Is Continuing Education Necessary for an IT Professional?

Those who currently enjoy a career in information technology have worked hard to achieve their bachelor’s degree and other advanced education, but continuing education for IT roles presents even more challenges when it comes to learning about emerging technologies and newer best practices. That’s why almost all organizations require those in information technology to occasionally pursue at least several credits in ongoing education that focus on new technologies, database systems, platforms, security concerns, and much more. Rather than being thought of as a burden, however, these classes should instead be considered the best way to remain current in the field and provide the highest level of service and management to large organizations where IT is central to long-term viability.

Not a Set Rule: Requirements for Continuing Education Vary

While a significant number of large organizations require their IT managers and other industry professionals to seek continuing education credits periodically, this is not a set rule. Currently, no state educational board or IT certification panel enforces a requirement that those with a bachelor’s or master’s degree in this area seek continuing education credits. Employers, however, have historically required such pursuits because it directly benefits how they handle information storage, security, and management.

Generally, most businesses require IT professionals to seek between three and nine hours of continuing education every other year. Some require three hours every year, while others require a less frequent continuing education schedule for IT managers and others. In almost all cases, this requirement will be made clear to the IT professional at the time they’re hired within the organization. The organization itself may even reimburse the full or partial cost of obtaining additional, non-degree credits in information technology.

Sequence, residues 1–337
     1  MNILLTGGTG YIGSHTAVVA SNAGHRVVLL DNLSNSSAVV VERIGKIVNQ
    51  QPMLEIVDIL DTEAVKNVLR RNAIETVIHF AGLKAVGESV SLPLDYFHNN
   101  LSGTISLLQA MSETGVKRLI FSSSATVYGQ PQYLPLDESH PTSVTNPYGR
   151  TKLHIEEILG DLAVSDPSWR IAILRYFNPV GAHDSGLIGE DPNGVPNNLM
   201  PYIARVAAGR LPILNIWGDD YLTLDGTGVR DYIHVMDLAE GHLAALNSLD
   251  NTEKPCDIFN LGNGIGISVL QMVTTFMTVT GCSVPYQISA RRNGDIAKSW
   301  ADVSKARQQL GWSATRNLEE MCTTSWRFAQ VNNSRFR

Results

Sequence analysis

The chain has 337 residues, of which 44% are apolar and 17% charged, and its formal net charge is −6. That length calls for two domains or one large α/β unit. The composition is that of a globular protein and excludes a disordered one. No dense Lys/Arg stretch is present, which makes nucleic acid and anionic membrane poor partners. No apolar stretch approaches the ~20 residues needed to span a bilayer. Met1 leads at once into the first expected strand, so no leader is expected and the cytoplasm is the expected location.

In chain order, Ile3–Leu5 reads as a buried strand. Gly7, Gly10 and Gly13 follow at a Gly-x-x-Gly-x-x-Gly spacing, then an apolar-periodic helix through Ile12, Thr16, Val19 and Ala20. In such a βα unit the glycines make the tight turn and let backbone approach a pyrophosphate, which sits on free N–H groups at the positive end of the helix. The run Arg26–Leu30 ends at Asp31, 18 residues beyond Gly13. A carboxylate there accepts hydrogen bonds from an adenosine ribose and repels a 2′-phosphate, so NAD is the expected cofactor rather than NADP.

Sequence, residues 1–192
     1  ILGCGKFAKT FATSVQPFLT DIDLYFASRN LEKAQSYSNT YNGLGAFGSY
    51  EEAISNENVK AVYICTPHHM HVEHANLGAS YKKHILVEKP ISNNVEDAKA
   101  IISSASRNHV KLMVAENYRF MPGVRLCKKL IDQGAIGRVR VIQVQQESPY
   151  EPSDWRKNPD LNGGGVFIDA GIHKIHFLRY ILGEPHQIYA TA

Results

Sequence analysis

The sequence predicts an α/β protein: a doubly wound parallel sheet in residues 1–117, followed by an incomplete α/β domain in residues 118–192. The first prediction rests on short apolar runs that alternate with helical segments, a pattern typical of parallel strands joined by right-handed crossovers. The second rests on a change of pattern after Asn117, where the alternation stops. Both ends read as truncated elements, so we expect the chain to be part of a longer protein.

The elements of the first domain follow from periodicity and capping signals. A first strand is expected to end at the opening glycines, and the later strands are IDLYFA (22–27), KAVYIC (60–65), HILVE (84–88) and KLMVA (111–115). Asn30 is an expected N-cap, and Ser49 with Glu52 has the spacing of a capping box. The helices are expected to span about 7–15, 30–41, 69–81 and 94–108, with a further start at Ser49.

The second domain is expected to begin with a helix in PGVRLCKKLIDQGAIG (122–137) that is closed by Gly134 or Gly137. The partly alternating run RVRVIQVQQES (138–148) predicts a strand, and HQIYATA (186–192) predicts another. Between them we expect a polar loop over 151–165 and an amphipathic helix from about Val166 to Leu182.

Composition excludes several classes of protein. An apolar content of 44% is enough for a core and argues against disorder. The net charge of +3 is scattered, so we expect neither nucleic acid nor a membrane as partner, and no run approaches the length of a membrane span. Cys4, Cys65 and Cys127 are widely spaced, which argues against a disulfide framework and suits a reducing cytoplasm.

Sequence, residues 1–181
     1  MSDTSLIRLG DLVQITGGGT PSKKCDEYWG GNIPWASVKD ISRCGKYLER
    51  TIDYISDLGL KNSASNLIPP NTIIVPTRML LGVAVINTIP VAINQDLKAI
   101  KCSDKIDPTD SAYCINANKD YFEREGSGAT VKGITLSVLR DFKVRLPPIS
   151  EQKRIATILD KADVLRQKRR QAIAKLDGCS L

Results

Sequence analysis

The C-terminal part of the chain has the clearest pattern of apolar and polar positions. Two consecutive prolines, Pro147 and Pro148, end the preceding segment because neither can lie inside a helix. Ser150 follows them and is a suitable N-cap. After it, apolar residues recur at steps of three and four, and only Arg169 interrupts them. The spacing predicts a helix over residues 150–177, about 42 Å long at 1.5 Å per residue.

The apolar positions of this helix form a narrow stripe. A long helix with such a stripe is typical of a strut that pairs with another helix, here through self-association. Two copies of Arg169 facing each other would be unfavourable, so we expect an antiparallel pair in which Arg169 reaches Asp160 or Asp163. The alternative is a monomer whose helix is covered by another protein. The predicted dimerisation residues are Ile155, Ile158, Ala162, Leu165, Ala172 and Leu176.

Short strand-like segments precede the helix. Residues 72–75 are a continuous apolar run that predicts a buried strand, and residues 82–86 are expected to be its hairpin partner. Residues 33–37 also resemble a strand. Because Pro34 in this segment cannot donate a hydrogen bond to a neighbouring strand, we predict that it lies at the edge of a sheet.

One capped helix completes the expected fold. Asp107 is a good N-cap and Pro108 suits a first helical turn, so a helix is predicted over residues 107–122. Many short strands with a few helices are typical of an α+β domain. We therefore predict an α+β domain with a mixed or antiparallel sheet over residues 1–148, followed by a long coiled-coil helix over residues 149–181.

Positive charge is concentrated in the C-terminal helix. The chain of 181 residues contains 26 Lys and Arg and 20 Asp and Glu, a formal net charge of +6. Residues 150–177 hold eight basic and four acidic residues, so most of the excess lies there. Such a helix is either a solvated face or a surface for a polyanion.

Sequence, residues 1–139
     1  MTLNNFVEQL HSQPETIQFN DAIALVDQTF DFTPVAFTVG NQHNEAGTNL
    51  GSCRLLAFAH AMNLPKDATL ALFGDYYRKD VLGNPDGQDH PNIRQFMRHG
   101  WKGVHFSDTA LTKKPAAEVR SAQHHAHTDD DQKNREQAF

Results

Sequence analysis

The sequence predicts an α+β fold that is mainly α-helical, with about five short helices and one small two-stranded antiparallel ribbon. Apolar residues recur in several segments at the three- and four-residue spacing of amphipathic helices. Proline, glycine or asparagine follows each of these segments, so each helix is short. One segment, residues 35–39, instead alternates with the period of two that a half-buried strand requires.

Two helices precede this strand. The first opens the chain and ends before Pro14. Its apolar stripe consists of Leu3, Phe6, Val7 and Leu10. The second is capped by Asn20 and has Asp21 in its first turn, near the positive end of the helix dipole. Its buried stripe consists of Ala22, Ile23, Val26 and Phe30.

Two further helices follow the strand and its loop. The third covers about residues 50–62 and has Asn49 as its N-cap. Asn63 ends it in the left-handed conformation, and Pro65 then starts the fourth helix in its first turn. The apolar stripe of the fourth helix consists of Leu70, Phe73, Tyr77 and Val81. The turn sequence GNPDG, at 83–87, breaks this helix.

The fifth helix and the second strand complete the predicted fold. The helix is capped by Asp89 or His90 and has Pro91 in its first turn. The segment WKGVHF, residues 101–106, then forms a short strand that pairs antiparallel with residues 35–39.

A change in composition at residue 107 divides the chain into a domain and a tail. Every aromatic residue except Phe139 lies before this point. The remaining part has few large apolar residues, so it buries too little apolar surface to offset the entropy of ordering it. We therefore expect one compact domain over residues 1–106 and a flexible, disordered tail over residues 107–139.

IT Professionals May Also Attend Conferences to Satisfy This Requirement

Continuing education is often thought of as evening, non-credit classes taught by fellow industry experts. While this represents perhaps the majority of continuing education pursuits for those in IT, it’s often not the only way to gain additional experience that qualifies for company reimbursement and satisfies this academic requirement. Many organizations have developed newer policies that allow information technology workers to take either non-credit courses or attend professional conferences that essentially teach the same skills and notify industry leaders of new changes that will be impacting their work going forward.

Those in information technology should review their company’s policy on continuing education and reimbursement schedules in order to see whether or not conference attendance could satisfy such a requirement. In addition to being an excellent source of new information and experience, these conferences are a great way to network with others and engage in enlightening discussions with managers and senior IT personnel that work for outside companies. It’s both a learning and social opportunity that leads to long-term benefits.

Some great websites that will keep you up-to-date on the latest tech conferences are:

A Common-Sense Requirement that Benefits the IT Profession

Though no regulatory agency or accreditation group currently requires information technology personnel to seek further educational experiences after they complete their degree program, companies that hire someone with a computer science degree often have a different view. Continuing education keeps up with new operating systems, database software tools, network management ideas, and evolving best practices that must change as new systems come to market. In this way, a requirement to seek continuing education for IT actually benefits both the company and those who have a significant interest in always performing at the highest level.

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